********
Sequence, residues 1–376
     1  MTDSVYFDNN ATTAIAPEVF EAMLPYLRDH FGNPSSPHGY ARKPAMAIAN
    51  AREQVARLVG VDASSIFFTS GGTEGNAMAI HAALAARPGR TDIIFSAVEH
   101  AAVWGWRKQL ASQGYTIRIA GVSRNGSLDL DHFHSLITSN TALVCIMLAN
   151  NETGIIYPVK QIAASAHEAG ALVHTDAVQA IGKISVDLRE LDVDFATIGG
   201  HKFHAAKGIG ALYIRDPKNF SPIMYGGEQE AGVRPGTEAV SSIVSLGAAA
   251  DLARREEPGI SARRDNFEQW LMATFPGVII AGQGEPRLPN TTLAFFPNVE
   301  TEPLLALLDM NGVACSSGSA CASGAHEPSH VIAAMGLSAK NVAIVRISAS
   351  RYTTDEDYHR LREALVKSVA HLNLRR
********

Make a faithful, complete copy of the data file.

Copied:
Sequence, residues 1–376
     1  MTDSVYFDNN ATTAIAPEVF EAMLPYLRDH FGNPSSPHGY ARKPAMAIAN
    51  AREQVARLVG VDASSIFFTS GGTEGNAMAI HAALAARPGR TDIIFSAVEH
   101  AAVWGWRKQL ASQGYTIRIA GVSRNGSLDL DHFHSLITSN TALVCIMLAN
   151  NETGIIYPVK QIAASAHEAG ALVHTDAVQA IGKISVDLRE LDVDFATIGG
   201  HKFHAAKGIG ALYIRDPKNF SPIMYGGEQE AGVRPGTEAV SSIVSLGAAA
   251  DLARREEPGI SARRDNFEQW LMATFPGVII AGQGEPRLPN TTLAFFPNVE
   301  TEPLLALLDM NGVACSSGSA CASGAHEPSH VIAAMGLSAK NVAIVRISAS
   351  RYTTDEDYHR LREALVKSVA HLNLRR